War Speeches Commence

Nomaan Merchant

By Nomaan MerchantThe Daily Northwestern

In the face of conflicts throughout the world, America must engage in foreign diplomacy and work extensively with the United Nations, said a State Department official who spoke Monday night at Northwestern.

Eric Rubin, the executive assistant to the under secretary for political affairs, spoke to about 25 students in University Hall about his experiences working overseas and what he believes is the future of global affairs.

He was the first to present in a four-part lecture series on the Iraq War that will continue through February.

“We’re entering a new era that’s going to be messier and in many ways scarier than what came before,” Rubin said. “Fundamentally, what we’re facing is a loss of predictability.”

Globalization has made the previous rules of engagement in foreign relations obsolete, he said. Unlike during the Cold War, America’s current enemies cannot be expected to act rationally.

“We’ve lost the predictability of knowing that our adversaries have the same basic goals that we have,” Rubin said.

At times, Rubin strayed slightly from the party line while he answered wide-ranging questions from students.

One student asked Rubin what he would do about Iraq if he were president. Rubin laughed and told the student he would “sleep on it,” but he acknowledged the impact the war has had on America’s position in the world.

“It’s a challenging time to be an American diplomat,” he said. “There’s no question that Iraq has taken a toll.”

The backlash from Iraq has hurt public approval of the United States throughout the world, Rubin said.

In Turkey, support for the U.S. is as low as three percent, he said.

This makes working with the United Nations to solve global issues more necessary than before, Rubin said.

“The most important message that we’re trying to get out right now is that we want to work within the international system,” he said.

He stressed that the United States’ popularity in different regions has been declining since the Clinton administration, but some of the current backlash “is clearly related to what has happened in the last five years or six years.”

Tighter restrictions on student visas after 9/11 have decreased the number of international students coming to the U.S. and learning about American culture firsthand, Rubin said. Meanwhile, the State Department’s budget cannot support the global outreach programs necessary for the United States, he said.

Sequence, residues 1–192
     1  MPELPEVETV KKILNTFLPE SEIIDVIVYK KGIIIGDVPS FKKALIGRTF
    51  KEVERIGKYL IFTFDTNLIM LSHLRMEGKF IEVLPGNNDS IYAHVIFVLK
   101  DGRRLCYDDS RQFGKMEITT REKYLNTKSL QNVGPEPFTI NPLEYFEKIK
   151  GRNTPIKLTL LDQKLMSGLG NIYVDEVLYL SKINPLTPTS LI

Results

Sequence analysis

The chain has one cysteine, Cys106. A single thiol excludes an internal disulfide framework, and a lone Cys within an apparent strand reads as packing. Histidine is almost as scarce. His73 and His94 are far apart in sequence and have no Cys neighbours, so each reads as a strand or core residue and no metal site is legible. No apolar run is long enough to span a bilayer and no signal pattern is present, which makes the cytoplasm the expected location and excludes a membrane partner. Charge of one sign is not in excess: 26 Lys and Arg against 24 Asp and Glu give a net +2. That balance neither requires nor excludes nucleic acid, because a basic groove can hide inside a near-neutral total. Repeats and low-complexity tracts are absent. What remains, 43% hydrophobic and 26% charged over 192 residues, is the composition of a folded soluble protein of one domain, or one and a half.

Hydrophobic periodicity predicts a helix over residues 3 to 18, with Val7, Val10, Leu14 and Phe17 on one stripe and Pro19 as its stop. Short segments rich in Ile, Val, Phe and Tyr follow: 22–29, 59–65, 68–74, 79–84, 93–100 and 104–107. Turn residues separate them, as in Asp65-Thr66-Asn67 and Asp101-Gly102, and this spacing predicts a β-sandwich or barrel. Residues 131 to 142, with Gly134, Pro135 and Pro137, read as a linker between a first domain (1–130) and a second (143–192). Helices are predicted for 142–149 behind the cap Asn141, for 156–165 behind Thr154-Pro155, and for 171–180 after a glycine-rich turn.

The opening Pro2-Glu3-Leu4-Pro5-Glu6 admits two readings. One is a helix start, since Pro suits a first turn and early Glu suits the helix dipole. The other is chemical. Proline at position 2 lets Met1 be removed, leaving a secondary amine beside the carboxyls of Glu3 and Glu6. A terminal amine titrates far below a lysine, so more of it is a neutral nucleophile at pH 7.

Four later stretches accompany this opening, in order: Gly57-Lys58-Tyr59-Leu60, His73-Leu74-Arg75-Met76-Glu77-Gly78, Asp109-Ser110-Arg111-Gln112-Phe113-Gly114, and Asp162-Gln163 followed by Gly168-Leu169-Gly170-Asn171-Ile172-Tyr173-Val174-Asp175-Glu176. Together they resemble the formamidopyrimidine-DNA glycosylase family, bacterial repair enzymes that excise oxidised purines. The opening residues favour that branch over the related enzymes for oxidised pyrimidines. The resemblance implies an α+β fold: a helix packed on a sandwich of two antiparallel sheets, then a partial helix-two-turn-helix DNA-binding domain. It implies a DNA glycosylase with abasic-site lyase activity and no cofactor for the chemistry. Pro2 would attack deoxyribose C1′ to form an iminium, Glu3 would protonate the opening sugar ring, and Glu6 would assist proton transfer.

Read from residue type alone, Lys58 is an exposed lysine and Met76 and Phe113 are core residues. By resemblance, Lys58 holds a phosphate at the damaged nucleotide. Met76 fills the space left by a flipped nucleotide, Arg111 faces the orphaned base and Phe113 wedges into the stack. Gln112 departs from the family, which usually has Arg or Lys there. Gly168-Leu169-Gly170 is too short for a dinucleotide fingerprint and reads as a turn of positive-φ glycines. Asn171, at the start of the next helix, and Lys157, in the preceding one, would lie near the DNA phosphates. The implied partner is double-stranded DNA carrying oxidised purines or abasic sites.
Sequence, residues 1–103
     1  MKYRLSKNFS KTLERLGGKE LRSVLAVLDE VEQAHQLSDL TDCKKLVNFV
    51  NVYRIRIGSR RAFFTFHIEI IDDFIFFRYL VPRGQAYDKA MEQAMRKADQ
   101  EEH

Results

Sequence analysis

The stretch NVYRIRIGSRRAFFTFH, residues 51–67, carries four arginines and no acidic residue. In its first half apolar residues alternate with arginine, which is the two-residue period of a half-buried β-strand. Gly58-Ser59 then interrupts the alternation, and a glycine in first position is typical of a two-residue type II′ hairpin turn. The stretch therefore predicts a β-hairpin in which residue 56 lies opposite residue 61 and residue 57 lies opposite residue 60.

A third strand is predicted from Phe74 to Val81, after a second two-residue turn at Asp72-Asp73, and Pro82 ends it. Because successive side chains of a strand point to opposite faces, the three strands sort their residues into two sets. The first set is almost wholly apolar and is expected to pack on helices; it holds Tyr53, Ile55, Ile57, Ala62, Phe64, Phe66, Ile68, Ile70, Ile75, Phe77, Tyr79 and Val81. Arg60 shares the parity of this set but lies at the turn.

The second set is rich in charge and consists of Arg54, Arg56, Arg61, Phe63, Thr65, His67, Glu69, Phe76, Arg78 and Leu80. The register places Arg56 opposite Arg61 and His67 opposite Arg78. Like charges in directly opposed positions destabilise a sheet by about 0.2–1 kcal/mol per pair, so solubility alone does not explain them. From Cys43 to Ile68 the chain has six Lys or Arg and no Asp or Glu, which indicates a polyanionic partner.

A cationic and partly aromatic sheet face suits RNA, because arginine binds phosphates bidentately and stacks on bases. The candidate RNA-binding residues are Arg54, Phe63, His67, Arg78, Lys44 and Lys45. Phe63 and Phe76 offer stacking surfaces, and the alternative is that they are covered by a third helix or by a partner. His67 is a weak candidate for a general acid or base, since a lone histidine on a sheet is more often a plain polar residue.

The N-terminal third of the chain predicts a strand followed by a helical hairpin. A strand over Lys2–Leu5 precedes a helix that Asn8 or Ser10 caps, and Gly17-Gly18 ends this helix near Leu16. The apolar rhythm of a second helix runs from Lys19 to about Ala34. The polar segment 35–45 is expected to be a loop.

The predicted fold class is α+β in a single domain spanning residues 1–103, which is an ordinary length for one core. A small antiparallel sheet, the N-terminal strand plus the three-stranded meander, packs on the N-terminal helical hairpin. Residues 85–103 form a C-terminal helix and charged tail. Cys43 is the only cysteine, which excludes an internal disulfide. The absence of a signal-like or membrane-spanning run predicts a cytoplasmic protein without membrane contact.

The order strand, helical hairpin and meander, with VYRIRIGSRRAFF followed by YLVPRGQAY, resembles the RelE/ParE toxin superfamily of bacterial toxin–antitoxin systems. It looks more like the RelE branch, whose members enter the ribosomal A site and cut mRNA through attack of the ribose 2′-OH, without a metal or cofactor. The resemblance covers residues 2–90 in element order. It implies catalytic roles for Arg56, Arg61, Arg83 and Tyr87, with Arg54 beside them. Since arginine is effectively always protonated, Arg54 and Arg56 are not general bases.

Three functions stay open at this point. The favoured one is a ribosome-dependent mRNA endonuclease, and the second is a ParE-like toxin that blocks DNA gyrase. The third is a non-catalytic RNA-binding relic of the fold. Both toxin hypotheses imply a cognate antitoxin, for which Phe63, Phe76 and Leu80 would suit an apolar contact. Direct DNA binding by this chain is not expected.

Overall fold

“In most countries, significant portions of the elite (were) educated in the U.S.,” Rubin said. “That’s changing and the numbers are declining, and the impact that’s going to have will be enormous.”

America can no longer tackle the world’s problems, including drug trafficking, prostitution rings and Internet crime without help from the United Nations, Rubin said.

“What we’ve discovered, including the Bush administration … is that we’re unable to solve these problems, not just alone, but even with ad hoc coalitions,” he said.

Rubin discussed the United States’ efforts to fight crime by working with other countries. In one instance, the UN helped control the illegal production of the drug methamphetamine by requiring producers of pseudoephedrine, the active ingredient in drugs like Sudafed, to monitor who purchased the drug.

But globalization has created a new set of challenges for governments, Rubin said. Criminals using the Internet to defraud people in the United States cannot be brought to justice if the nation they reside in refuses to extradite them, according to Rubin.

“Holding onto international structures that we have is going to be increasingly important,” Rubin said. “These agencies … are the only places where we can all come together.”

After the event, students said they looked forward to other talks in the lecture series.

“It was a good survey of relevant topics,” said Weinberg senior Ramona Maza. “It really brought home issues that I’m learning about in my international organizations class.”

Reach Nomaan Merchant at [email protected]